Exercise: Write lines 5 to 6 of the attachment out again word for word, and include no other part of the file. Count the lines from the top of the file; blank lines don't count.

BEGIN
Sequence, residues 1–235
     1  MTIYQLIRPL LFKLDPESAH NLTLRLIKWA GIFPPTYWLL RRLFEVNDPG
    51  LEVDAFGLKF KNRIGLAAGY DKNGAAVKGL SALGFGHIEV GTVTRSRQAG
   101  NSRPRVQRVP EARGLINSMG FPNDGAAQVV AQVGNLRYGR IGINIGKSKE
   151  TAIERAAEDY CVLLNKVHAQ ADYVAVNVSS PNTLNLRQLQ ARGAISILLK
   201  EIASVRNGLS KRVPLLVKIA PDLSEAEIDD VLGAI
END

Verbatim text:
   151  TAIERAAEDY CVLLNKVHAQ ADYVAVNVSS PNTLNLRQLQ ARGAISILLK
   201  EIASVRNGLS KRVPLLVKIA PDLSEAEIDD VLGAI